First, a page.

The Commissioner highlighted the importance of exploiting the full potential of the EU environmental policy and to promote “blue growth” through the Marine Strategy Framework Directive and the EU 2020 Biodiversity Strategy. However, he emphasised that EU action would only bring changes and be credible through a coherent approach.

    Source: European Commission


    Link Read more
    Link Commissioner Janez Potočnik
    Link Illegal, Unreported and Unregulated Fishing


  10. EU approach to resilience: learning from food crises
    2012-10-11
    NEWSLETTER_CATEGORIES : Food Security, Food Policy

    Resilience is the ability of an individual, a household, a community, a country or a region to withstand, adapt, and quickly recover from stresses and shocks such as drought, violence, conflict or natural disaster.
    The European Commission's new resilience communication outlines ten steps that will increase resilience and reduce the vulnerability of the world's most vulnerable people. These steps include support for the design of national resilience strategies, disaster management plans and efficient early-warning systems in disaster-prone countries, as well as putting forward innovative approaches to risk management through collaboration with the insurance industry.
    The communication is based on the Commission's significant experience responding to humanitarian crises and tackling the root causes of weak development – such the massive recent drought crises in Africa where the Commission is focusing on immediate crisis response, but also on fostering long-term food security and on increasing the population's ability to cope with future droughts.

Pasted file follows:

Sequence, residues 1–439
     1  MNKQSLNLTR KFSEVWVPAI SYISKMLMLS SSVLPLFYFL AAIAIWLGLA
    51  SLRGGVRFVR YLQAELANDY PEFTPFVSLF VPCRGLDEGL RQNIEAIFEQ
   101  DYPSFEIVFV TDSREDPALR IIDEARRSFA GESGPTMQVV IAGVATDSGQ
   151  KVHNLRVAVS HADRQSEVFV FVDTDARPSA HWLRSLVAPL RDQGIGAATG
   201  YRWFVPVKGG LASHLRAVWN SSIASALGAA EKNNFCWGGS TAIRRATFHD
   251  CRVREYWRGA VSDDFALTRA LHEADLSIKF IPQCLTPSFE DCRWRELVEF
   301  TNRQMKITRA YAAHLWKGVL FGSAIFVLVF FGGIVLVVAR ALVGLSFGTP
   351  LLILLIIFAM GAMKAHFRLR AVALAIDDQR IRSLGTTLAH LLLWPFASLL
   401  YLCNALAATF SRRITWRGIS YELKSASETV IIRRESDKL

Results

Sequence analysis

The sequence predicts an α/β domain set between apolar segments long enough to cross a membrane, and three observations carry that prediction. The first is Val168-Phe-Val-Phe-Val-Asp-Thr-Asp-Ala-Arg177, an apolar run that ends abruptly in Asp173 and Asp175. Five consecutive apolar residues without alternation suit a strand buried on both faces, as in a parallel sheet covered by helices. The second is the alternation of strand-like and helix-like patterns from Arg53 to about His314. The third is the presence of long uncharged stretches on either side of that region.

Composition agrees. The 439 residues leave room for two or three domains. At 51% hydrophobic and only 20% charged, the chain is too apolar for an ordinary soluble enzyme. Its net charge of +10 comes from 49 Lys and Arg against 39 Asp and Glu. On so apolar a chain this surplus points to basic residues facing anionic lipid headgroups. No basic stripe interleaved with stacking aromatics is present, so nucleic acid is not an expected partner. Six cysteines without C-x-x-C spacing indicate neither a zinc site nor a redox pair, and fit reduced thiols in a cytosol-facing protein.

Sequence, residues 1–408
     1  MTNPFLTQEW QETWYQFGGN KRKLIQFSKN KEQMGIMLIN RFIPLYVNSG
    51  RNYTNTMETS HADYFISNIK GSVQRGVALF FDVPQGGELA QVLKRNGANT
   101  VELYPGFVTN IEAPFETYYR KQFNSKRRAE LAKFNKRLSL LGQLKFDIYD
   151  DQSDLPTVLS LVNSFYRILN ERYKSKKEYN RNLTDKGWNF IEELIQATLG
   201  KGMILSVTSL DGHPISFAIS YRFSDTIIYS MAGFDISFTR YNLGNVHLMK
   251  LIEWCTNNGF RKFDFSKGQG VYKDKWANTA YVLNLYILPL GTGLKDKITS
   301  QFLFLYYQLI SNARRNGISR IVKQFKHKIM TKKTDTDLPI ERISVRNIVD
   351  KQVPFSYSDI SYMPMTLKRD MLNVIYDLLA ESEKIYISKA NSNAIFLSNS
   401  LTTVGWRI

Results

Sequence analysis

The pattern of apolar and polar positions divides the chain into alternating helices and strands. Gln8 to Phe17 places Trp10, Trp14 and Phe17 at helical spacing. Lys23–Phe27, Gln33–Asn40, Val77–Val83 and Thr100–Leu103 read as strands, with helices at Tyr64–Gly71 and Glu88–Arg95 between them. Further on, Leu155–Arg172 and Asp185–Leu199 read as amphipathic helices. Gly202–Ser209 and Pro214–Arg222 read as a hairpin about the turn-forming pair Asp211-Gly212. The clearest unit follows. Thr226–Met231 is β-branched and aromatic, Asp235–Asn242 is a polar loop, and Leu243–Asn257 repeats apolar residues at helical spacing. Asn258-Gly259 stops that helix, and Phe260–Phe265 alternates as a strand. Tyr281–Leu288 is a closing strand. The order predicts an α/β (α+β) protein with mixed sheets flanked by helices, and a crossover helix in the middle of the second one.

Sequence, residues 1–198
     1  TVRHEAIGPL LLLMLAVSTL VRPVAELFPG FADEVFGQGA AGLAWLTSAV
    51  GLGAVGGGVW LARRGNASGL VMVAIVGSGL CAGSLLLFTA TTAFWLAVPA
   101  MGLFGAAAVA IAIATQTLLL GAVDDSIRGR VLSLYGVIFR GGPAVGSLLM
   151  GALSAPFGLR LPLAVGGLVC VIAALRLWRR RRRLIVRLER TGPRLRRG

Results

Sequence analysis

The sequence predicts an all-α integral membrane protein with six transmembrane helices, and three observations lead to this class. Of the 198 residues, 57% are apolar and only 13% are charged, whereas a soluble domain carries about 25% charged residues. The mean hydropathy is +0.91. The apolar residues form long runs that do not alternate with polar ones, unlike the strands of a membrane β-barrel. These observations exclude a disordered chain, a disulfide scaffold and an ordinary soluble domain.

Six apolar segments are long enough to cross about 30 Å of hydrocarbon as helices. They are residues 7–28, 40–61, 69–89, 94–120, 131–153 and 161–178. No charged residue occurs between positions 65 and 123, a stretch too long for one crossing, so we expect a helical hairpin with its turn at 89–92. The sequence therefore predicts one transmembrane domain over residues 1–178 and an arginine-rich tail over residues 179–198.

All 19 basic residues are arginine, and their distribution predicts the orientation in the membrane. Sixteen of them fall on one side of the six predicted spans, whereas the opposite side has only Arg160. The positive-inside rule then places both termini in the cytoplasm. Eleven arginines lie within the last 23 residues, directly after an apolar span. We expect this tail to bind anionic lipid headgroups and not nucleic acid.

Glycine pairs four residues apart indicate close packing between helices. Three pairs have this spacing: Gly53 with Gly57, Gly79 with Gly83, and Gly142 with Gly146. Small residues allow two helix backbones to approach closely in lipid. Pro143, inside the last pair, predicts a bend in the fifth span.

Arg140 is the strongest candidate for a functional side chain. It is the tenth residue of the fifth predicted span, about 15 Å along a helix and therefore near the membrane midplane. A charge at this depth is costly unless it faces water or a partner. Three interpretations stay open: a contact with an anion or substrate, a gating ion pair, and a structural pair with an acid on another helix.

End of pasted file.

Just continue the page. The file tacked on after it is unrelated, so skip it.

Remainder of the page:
Source: European Commission


    Link Read more
    Link Fighting Hunger
    Link BR 23: Nutrition Security


  11. MEPs back mandatory accounting for farm and forestry emissions
    2012-10-11
    NEWSLETTER_CATEGORIES : Environment

    Accounting for EU emissions from forestry and agriculture should be mandatory and based on robust rules, according to MEPs voting on draft land use, land use change and forestry (LULUCF) legislation in the Environment Committee on 10 October 2012. They also recommended a future obligation to account for emissions from wetlands. The draft legislation received wide cross-party support in the Environment Committee, with 36 votes in favour, 13 against and 1 abstention. It follows an agreement from the UN climate summit in Durban last December. 
    Environment MEPs say the legislation should require Member States to account for emissions and removals not only in forestry - as agreed at international level - but also in management of land for crops and grazing. Wetlands should also be included within a year after IPCCC guidelines are set for these. Member States should also prepare LULUCF Action Plans to describe and project trends for emissions and removal of greenhouse gases. The plans should also analyse the potential to curb emissions and increase removals and set out the policies and timetable for action.

    Source: European Parliament


    Link Read more
    Link LULUCF in the EU
    Link IPCCC: LULUCF


  12. Taking action for agriculture: countdown to Doha
    2012-10-10